My daughter asked me the other night as we were watching an episode of Top Chef if I ever wanted to be on the show. I told her no, which wasn’t a satisfactory answer, so she pressed me to explain why.

I realize I am going to grossly over generalize here, but chefs and bakers are two different breeds in the kitchen. Granted there is a crossover, but usually you see one or the other. Words like spontaneous and impulsive come to mind if I were to describe the players on the TV show. They always seem a little hot headed, random and make decisions on the fly. All things a baker cannot be or do.

A baker is more calculated and measured by nature, because that is the life of the job everyday. A baker cannot add a dash of this or fix a bad lump of dough with a little of that. There is a point of no return for forgotten salt to a baker. Chef can always add it at the last minute. For baker, that was hours ago.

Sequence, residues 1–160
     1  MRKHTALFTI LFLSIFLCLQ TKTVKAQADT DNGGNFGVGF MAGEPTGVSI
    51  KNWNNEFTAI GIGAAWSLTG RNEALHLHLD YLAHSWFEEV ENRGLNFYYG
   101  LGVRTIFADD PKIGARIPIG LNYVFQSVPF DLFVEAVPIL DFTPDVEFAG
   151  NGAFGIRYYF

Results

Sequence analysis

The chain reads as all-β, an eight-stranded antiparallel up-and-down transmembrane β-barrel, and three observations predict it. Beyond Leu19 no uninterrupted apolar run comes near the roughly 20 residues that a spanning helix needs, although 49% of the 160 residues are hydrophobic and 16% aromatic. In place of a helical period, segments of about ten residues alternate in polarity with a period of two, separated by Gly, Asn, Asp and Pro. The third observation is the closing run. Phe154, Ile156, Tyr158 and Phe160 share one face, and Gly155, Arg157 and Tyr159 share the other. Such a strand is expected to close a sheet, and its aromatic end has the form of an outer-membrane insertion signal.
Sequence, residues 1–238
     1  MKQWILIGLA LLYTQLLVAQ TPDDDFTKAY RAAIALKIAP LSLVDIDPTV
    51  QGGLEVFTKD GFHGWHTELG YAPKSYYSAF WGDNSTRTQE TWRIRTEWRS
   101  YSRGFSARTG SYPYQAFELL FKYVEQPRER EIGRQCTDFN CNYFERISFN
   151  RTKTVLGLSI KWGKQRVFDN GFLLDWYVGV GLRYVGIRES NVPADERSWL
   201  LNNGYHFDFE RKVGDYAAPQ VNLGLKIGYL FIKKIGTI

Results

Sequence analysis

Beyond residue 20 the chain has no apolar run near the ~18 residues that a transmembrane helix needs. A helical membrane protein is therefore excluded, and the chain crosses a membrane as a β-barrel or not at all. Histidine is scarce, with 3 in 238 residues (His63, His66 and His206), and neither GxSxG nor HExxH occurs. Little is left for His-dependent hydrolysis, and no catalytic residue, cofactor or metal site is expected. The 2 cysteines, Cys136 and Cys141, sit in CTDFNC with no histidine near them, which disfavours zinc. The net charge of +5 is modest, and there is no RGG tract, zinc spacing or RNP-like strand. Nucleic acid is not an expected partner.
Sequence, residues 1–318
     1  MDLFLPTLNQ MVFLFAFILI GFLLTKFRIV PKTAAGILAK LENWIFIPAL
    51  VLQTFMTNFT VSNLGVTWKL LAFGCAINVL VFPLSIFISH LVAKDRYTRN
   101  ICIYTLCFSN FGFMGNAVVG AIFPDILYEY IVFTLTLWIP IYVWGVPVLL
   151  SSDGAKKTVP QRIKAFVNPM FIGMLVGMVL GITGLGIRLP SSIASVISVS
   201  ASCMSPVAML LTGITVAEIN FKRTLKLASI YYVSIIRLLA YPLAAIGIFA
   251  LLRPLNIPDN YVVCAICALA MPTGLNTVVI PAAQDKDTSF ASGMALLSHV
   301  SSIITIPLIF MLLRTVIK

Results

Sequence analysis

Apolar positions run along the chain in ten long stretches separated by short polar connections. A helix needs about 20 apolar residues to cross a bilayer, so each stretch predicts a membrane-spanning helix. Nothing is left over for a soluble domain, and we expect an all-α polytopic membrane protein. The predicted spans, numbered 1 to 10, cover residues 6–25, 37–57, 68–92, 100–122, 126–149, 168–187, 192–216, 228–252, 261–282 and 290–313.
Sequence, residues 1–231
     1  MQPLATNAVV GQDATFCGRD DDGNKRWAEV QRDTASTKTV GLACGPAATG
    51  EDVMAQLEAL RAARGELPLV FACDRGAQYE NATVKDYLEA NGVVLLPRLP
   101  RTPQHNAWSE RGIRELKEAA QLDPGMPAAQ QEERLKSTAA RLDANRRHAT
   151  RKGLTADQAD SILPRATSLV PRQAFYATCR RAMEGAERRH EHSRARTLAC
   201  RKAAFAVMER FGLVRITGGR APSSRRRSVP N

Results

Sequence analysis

I have the privilege of wearing both hats. And I admit my bias, but I feel that baking makes me a better cook. I’m not sure it works the other direction for me. Being a baker teaches me to think ahead about my cooking, to see the big picture of the food, to not have to rely on last minute panic due to the fault of my sloppiness or poor planning.

I love the energy at play during a busy time of service, but enjoy more the zen of the early morning hours of baking. It’s a lesson for me when I let my life get too frenetic. Slow down, do what you know to do, put the ingredients together and treat them with care, and most of the time it will work out to your desired end.

That wasn’t the answer I gave my daughter. She settled for a simpler response. “No, because it would take me away from getting to be with you.”

“Thanks, Dad.”

Chefs and Bakers